Timothy Patrick McCarthy is an award-winning historian, educator, and human rights activist who has taught on Harvard's faculty since 2005. The adopted only son and grandson of public school teachers and factory workers, Dr. McCarthy currently holds a joint appointment in the undergraduate honors program in History and Literature, Graduate School of Education, and Kennedy School of Government, where he is Core Faculty at the Carr Center for Human Rights Policy. He is also Academic Director emeritus and now Stanley Paterson Professor of American History in the Boston Clemente Course, a free college course for lower income adults in Dorchester, where he has taught since its founding in 2001. The Clemente Course was co-recipient of the 2015 National Humanities Medal.
Dr. McCarthy graduated with honors in History and Literature from Harvard College and earned his M.A., M.Phil., and Ph.D. in History from Columbia University. A noted historian of politics and social movements, he is the author or editor of five books from the New Press, including the forthcoming Stonewall's Children: Living Queer History in an Age of Liberation, Loss, and Love. A frequent media commentator whose work has been featured in Salon, Huffington Post, The Daily Beast, Pangyrus, Gay and Lesbian Review, The Nation, NPR, and several documentary films, he was guest editor for The Nation's historic "Reclaiming Stonewall 50" forum in June 2019.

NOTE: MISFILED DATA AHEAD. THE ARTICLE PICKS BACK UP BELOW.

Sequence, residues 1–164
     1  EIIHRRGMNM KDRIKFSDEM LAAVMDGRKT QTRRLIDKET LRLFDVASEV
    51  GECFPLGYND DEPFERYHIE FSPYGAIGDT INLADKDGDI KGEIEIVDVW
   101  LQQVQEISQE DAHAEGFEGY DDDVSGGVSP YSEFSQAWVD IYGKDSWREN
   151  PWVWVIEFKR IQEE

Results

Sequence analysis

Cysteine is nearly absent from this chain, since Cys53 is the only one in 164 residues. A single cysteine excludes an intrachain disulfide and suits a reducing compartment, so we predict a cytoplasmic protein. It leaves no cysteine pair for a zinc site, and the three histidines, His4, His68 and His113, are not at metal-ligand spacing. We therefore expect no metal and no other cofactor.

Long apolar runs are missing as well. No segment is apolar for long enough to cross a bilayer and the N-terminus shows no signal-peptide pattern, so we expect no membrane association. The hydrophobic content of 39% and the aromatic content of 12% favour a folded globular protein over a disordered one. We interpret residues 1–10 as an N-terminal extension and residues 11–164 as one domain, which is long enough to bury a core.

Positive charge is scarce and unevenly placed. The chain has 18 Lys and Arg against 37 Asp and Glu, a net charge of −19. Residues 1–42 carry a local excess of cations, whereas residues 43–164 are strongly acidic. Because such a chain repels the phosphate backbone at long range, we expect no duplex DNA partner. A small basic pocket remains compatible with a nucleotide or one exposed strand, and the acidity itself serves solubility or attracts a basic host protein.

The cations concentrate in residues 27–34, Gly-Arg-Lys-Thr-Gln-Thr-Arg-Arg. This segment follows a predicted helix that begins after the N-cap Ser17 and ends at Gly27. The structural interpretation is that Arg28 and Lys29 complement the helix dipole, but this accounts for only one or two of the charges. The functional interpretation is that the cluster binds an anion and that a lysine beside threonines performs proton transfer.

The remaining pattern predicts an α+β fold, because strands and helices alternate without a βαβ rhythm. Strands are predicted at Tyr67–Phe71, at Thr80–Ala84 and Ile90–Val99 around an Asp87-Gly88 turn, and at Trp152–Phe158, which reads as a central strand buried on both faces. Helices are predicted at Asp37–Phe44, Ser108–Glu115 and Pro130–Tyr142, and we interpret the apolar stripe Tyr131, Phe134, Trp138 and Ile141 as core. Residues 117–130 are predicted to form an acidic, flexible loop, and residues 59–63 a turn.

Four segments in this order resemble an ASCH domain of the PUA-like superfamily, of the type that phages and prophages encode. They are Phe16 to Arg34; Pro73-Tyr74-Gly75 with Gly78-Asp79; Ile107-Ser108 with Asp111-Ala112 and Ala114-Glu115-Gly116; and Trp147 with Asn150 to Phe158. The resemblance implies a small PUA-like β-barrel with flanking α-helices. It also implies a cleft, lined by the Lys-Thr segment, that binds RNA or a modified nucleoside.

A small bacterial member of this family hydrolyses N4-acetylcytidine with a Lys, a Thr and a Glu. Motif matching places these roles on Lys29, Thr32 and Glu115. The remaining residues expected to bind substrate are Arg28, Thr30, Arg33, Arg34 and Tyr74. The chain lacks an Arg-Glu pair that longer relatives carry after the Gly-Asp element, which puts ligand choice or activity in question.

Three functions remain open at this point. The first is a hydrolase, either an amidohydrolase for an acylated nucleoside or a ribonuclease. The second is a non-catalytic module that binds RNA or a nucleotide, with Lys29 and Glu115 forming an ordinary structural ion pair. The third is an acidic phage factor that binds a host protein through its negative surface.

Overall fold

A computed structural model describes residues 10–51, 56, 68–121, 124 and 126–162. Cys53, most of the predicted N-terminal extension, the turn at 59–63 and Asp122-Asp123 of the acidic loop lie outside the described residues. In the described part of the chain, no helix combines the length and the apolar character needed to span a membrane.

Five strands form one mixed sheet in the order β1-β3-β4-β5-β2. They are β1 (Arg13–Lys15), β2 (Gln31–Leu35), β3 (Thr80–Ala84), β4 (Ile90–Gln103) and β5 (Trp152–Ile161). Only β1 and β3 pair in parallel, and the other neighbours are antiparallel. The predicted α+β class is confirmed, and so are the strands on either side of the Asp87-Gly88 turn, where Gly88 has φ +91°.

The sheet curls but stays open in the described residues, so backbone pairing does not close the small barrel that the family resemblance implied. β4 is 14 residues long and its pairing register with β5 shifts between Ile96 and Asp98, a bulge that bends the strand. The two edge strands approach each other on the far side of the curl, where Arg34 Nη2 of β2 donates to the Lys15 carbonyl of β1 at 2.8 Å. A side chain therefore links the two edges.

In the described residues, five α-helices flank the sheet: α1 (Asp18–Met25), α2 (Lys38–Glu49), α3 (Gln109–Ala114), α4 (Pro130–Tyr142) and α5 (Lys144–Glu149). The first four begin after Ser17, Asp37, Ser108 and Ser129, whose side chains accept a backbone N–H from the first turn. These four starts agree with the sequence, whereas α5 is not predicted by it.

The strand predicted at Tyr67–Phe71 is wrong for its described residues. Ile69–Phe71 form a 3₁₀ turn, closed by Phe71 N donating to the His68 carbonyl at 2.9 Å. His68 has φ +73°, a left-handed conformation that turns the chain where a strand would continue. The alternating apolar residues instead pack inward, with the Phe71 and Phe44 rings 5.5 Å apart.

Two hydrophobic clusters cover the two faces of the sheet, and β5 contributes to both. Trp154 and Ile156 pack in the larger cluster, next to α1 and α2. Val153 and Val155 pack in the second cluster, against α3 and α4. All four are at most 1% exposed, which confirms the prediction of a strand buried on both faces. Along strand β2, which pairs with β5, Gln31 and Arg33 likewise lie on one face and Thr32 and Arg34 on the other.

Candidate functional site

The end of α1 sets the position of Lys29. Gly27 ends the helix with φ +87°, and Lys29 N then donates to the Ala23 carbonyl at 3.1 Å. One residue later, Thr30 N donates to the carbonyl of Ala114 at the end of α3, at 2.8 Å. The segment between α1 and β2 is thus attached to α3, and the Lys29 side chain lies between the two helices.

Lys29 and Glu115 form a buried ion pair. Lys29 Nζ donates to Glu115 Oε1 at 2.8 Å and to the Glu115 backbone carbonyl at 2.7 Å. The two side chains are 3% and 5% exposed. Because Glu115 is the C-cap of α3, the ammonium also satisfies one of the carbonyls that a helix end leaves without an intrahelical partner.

Twice named one of Harvard Crimson's "Professors of the Year," Dr. McCarthy has received dozens of awards for his commitment to students, including the 2015 Dean's Award for Exceptional Leadership on Diversity and Inclusion and the 2019 Manuel C. Carballo Award, the Kennedy School's highest teaching honor. Dr. McCarthy is also one of ten faculty members from across Harvard whose teaching is showcased in the Instructional Moves Project. In May 2020, amidst the COVID pandemic, Kennedy School graduates selected him to deliver a faculty address, "Precedented Bravery," at their virtual Class Day ceremony.
Inspired by the activism and organizing of his student years, Dr. McCarthy has devoted his life to public service and social justice. Since 1990, he has been a brother to Malcolm Green, now 34, whom he met as an undergraduate while volunteering as an after-school teacher in the Cambridge public schools. As founding director of Harvard's Alternative Spring Break Church Rebuilding Program, he spent fifteen years organizing hundreds of students to help rebuild Black churches destroyed in racist arson attacks throughout the United States. A respected leader in the LGBTQ+ community, Dr. McCarthy was a founding member of Barack Obama's National LGBT Leadership Council, gave expert testimony to the Pentagon Comprehensive Working Group on the repeal of "Don't Ask, Don't Tell," and was part of the first-ever LGBTQ delegation from the United States to Palestine/Israel. He currently serves as Board Chair for Free the Slaves, a leading global NGO in the fight against modern slavery, and also hosts and directs A.R.T. of Human Rights and Resistance Mic! through the Tony Award-winning American Repertory Theater, where he serves on the Board of Advisors.